Southwark Council's annual meeting will be limited in length so that councillors can join the incoming Mayor's drinks reception more quickly.
Since last year the annual meeting and mayor-making ceremony – held in May each year – has been held at the council's Tooley Street headquarters.
Last week Southwark's ruling Labour group voted through a proposal to set a 90-minute guillotine on the formal business part of the meeting to allow the new mayor and councillors to get to the drinks reception – held in honour of the incoming mayor – more quickly.
Business due for consideration at the meeting has also been reorganised to reduce the number of votes from 15 at the last annual meeting to as few as four this year.
Liberal Democrat councillors tabled an amendment to block the move to shorten the meeting, but it was voted down by the majority Labour group. In turn the Lib Dems have come under fire for playing 'buzzword bingo' during last Wednesday's meeting.
"When the council is spending thousands of pounds putting on a public meeting, it has an obligation to make the most of it and get value for money for residents," said Lib Dem councillor Lisa Rajan.
"Cutting public meetings short so councillors to go a swanky drinks reception is ridiculous and a complete waste of taxpayer cash."
"Labour council chiefs cannot get the basics right on things like housing and street cleaning, yet they want to spend more time at private parties with the Mayor rather than sorting out local problems."
Tory leader Cllr Lewis Robinson said: "I think it's a poor decision and will result in poor decision-making on issues which are quite important to the governance of this local authority, so I cannot support this proposal."
Labour's Cllr Nick Dolezal defended the move: "I think it's only right and proper that we celebrate the mayor-making and that we celebrate the making of the first citizen who will preside over us ... for the whole year.
He added: "There is plenty of time the rest of the year to put on our hair-shirts, stop playing word bingo and stop shouting at each other to actually conduct some real business about the values we would like to see here that protect the vulnerable, support our police and give a future to our children.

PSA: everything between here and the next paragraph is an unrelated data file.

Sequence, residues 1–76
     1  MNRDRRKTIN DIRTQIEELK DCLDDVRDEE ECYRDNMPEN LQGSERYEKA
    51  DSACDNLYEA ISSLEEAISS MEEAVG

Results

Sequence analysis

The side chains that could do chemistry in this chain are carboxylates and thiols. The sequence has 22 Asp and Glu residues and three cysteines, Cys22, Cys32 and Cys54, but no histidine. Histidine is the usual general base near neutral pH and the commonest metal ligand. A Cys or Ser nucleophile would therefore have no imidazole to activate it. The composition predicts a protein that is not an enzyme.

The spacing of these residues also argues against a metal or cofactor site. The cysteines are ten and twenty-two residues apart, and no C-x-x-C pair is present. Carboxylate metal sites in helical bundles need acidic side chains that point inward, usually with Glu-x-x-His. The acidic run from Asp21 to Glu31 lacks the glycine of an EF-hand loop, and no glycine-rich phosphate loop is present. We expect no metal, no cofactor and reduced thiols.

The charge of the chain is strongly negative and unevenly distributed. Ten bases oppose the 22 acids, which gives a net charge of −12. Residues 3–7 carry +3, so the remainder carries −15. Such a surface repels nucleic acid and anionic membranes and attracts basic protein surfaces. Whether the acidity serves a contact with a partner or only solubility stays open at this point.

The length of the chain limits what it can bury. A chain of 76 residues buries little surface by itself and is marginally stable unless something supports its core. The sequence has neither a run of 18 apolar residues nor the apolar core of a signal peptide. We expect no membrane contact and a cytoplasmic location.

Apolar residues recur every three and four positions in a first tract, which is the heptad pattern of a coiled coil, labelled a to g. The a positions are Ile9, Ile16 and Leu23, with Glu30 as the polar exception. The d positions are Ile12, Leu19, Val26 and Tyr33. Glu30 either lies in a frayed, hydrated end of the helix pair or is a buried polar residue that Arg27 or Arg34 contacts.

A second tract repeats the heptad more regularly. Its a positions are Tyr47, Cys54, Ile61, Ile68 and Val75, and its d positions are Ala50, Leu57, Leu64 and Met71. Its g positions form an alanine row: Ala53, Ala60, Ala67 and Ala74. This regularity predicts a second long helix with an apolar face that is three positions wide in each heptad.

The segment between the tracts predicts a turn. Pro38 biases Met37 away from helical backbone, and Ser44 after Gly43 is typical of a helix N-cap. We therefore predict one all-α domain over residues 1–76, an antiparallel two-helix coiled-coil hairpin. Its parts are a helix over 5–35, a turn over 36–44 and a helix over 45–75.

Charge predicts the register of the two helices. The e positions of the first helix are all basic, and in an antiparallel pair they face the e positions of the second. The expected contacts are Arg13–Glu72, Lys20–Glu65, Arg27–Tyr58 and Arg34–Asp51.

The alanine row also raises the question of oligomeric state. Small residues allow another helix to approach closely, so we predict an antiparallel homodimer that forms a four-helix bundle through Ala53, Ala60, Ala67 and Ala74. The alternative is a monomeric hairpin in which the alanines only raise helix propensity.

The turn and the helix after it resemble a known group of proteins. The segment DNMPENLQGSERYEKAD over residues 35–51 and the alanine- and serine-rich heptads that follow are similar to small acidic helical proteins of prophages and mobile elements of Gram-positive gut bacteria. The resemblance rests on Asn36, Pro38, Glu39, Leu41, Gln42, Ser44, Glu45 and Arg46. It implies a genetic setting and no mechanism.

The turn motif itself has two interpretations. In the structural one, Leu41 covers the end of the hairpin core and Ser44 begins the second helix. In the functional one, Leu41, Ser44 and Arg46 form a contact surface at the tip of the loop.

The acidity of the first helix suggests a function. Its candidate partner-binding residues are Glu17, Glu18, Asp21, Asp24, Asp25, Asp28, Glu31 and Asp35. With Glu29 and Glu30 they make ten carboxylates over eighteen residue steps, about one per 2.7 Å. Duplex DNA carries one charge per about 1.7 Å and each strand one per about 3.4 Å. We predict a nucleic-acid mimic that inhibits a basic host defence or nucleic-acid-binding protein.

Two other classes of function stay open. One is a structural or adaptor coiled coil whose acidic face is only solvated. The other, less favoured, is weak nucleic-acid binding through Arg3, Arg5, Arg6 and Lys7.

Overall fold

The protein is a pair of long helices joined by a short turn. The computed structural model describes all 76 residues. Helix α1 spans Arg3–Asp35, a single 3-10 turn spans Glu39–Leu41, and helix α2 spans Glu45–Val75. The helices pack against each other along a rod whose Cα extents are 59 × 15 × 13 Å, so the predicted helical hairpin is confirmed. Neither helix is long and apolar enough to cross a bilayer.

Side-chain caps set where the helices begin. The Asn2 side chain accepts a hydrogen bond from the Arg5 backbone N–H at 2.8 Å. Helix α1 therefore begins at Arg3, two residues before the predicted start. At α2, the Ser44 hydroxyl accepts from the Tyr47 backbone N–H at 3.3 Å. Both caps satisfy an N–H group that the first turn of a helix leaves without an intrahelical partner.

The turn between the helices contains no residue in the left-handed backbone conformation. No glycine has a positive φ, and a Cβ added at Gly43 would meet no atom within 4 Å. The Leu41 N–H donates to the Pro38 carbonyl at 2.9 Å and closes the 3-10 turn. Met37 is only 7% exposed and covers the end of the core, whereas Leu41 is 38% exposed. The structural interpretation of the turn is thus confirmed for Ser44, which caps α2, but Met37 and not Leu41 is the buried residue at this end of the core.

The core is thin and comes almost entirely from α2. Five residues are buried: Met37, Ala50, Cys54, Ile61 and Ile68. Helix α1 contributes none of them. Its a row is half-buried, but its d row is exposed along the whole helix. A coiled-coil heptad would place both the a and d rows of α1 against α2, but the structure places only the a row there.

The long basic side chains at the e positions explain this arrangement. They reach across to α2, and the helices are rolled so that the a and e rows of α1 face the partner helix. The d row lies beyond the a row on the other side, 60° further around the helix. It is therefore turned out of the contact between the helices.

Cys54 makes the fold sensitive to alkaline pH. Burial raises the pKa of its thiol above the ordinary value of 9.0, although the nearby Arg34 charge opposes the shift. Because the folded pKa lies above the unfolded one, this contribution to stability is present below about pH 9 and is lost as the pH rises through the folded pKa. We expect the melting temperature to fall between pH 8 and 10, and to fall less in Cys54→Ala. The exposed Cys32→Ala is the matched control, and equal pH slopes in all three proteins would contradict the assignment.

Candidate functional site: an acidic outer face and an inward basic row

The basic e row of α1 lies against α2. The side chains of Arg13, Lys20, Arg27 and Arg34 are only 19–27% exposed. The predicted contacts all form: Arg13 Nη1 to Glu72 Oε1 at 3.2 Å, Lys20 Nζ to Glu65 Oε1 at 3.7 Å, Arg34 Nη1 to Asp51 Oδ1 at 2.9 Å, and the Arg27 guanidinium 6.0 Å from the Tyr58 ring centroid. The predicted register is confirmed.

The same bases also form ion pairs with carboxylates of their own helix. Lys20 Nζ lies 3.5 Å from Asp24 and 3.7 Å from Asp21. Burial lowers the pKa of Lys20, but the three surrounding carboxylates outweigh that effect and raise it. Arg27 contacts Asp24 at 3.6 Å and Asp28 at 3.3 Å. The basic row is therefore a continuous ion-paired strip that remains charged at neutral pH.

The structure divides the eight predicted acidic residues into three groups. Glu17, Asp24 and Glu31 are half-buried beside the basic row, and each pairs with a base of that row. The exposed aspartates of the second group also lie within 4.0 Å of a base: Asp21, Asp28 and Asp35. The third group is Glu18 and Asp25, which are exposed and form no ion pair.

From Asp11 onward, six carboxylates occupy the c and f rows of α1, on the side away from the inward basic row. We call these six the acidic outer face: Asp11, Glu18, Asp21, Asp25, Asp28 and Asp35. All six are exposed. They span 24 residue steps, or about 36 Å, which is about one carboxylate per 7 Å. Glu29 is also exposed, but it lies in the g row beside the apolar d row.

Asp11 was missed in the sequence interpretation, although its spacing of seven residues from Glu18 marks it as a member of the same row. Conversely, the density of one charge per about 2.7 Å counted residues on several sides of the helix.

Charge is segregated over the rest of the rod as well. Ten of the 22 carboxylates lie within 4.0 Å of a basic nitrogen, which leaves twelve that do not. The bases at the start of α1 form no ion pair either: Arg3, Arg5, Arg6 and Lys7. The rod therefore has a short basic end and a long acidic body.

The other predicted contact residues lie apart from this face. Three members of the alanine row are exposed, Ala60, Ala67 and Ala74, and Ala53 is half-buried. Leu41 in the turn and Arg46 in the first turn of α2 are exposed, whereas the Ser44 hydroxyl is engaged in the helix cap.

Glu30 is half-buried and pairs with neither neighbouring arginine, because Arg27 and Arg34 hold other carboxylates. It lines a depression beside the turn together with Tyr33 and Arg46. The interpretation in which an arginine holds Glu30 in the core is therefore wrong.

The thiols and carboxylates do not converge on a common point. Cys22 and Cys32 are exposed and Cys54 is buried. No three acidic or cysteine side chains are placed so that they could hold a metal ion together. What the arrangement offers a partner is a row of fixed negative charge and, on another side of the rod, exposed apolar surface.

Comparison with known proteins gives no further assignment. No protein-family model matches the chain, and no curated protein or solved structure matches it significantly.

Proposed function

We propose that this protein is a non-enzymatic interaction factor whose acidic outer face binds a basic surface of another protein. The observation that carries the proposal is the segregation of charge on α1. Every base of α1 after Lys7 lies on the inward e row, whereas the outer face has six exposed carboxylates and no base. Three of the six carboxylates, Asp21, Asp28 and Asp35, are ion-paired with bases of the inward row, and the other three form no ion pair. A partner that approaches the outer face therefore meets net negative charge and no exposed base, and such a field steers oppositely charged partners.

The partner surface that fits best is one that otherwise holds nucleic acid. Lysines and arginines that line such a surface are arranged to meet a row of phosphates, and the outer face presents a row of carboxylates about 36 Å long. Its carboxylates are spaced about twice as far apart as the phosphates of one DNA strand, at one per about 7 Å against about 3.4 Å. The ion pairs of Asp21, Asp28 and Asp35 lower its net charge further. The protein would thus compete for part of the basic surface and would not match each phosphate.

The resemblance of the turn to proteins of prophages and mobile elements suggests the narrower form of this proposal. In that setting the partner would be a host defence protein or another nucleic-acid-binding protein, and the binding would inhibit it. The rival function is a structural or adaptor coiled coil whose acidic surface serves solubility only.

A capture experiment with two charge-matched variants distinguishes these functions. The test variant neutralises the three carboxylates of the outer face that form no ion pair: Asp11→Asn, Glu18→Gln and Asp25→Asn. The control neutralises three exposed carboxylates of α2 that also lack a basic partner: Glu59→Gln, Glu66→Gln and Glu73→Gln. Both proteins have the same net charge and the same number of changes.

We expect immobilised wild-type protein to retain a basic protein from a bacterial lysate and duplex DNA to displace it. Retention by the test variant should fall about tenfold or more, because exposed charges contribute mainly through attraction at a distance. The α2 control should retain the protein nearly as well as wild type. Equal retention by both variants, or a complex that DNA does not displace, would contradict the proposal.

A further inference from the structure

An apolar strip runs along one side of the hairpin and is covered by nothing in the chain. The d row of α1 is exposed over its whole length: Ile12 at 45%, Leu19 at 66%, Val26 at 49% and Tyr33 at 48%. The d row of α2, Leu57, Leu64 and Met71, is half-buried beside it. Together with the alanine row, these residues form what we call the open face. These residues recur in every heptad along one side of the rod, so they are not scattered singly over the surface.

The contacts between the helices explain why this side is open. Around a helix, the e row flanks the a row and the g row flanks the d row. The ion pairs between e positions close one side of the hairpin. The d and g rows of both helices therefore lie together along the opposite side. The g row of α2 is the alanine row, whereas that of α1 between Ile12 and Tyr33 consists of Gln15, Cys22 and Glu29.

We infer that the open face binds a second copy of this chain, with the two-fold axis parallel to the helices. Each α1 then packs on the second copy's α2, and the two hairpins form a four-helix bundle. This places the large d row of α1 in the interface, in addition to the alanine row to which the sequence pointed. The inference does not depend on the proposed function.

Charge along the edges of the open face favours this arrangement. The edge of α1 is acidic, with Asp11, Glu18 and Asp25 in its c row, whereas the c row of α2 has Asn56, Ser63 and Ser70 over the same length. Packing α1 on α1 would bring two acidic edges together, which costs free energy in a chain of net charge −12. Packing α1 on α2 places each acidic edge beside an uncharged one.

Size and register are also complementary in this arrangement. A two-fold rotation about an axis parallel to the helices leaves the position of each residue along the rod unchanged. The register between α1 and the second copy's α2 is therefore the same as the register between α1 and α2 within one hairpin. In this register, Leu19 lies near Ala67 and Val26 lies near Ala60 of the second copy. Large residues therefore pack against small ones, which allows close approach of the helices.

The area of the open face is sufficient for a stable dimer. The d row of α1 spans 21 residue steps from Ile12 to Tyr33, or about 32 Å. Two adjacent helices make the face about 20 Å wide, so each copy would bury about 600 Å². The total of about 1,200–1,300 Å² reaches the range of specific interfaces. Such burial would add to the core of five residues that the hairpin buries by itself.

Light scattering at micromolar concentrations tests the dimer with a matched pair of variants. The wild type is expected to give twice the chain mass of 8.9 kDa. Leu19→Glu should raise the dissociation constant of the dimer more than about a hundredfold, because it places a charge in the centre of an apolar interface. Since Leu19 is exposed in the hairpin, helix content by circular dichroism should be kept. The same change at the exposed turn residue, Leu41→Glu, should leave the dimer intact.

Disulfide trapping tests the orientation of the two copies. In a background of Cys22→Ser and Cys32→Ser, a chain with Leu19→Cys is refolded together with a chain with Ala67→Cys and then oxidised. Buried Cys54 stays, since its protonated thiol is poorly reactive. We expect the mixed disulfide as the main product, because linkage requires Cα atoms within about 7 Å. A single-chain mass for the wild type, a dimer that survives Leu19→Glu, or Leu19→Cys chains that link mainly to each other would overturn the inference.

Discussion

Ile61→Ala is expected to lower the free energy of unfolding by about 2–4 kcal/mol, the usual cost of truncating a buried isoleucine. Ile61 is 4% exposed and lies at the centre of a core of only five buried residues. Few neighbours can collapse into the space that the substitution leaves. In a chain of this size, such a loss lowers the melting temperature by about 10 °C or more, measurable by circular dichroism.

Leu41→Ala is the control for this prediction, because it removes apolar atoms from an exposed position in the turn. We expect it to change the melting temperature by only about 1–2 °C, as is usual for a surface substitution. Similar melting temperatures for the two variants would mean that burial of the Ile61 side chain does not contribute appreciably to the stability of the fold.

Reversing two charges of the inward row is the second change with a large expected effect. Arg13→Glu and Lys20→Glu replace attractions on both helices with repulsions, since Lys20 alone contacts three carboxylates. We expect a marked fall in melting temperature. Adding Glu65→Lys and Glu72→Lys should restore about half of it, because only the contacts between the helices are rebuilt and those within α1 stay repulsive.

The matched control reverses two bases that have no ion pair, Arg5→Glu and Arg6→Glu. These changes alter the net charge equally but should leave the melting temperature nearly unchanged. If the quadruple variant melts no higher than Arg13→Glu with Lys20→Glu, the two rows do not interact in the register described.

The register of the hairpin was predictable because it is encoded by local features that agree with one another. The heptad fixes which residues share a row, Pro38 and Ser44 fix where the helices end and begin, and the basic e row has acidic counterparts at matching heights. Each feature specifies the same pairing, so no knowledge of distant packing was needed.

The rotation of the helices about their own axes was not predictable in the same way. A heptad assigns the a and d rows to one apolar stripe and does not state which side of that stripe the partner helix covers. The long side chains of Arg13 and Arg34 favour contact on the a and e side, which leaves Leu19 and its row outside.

"Those are the important things, not discussing whether a celebration of the first citizen is a jolly or whether it is a proper marking of respect for that person."
Labour leader Cllr Peter John argued that the current arrangements for mayor-making were unsatisfactory and the changes would help the process to run more smoothly.
He said: "It must be within all of our wit and possibility and potential as human beings to do the bit of business that we need to do within an hour and a half so that we can then allow the new first citizen to celebrate their appointment."
Speaking on the morning after last Wednesday's meeting, Labour chief whip Cllr Dan Garfield said: "Last night Southwark Council met to discuss the important issue of crime and anti-social behaviour in our borough.
"We heard from the Borough's most senior police officer, Southwark Youth Council, a Southwark Young Advisor and representatives from St Giles Trust who do great work rehabilitating ex-offenders.
"Rather than engage in this debate, as Southwark taxpayers expect them to do, Southwark's Liberal Democrat councillors chose to play bingo while one Lib Dem councillor, former council leader Nick Stanton, chose to read a book through most of the meeting.
"Each council assembly meeting costs taxpayers £12,000 so it is important that councillors from all parties engage in them in a serious way.
"Their behaviour is disrespectful to the people who came to talk about their experiences, to the democratic traditions of our borough and to Southwark taxpayers who expect councillors to represent them at these meetings."
Lib Dem chief whip and Chaucer ward councillor Tim McNally said that the constitutional change "totally embodies Labour values here in Southwark: wine terraces, drinks parties, jollies, trips to Cannes, Olympic tickets, constant lunches with developers – these are the values that come from the top of the Labour Party opposite".
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